Homework Assignment Asked Students To Identify 'Positives' Of Slavery

A homework assignment from a school in San Antonio implied that there was a "balance" to slavery and tasked students to find positive aspects of the practice.



The history of slavery in America is by far one of the most challenging parts of our nation’s story to explain, especially in a classroom setting. But it’s still important to get that story right, so that the next generation can understand the mistakes of the past in a constructive way.

Yet despite the unfairness and cruelty of the saddest chapter in American history, some people still don’t quite comprehend just how terrible and unjust slavery really was.

An eighth-grade teacher at Great Hearts Monte Vista school in San Antonio, Texas, assigned students the task of pinpointing the alleged “positive” aspects of slavery as well as its “negative” ones. As difficult a concept as that is for some to understand, the lesson actually came from a printed textbook, along with a worksheet for students to fill out.

The assignment asked for students to provide a “balanced view” of the subject of slavery — implying that the “good” equaled the “bad,” and that there were positive arguments in favor of its practice.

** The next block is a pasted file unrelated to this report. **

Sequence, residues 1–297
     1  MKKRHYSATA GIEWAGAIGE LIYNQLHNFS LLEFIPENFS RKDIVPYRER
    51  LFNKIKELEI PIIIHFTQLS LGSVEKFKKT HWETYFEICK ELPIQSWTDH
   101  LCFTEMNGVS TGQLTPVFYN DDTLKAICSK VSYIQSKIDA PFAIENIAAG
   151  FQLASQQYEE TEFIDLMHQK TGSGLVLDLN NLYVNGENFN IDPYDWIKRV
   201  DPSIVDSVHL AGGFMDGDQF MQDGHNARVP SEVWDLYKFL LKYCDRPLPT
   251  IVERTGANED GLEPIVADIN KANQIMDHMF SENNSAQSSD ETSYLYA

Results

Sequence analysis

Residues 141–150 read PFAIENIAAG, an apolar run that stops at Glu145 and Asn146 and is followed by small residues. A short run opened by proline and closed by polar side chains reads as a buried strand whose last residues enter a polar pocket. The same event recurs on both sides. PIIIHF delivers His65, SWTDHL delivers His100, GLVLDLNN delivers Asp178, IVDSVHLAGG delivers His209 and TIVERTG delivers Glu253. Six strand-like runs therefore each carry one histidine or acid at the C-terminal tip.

U.S. Rep. Joaquin Castro (D-Texas) shared the image of the worksheet with his followers on social media. Notably, the student who completed the assignment filled in the “positive aspects” column with a single “N/A” (not applicable) answer.

“This is absolutely unacceptable,” Castro wrote in response to the assignment.

Great Hearts Texas Superintendent Aaron Kindel apologized for the assignment, stating in a Facebook post that the teaching was “a clear mistake” and “entirely inconsistent with Great Hearts philosophy and culture.”

Kindel added that the district would review the text in question.

“If we deem this textbook imprudent we will permanently remove and replace it with a history book that accurately reflects our values,” he wrote.

Unfortunately, the view that there were positive aspects associated with slavery is far too prevalent still in our society today. Some have even gone so far as to suggest that our nation was better off when slavery was still around.

Those viewpoints must be countered, defeated with reasoned responses that demonstrate just how monstrous the practice really was. Students' classroom texts should reflect those same values, pointing out that slavery was reprehensible and wrong, and that "positive" aspects to it were wholly nonexistent.

Our children deserve to be taught with the truth, not a watered-down version of history that will ease the consciences of some who want to glorify a fictional past.

Banner / Thumbnail : Pixabay / evanst10000

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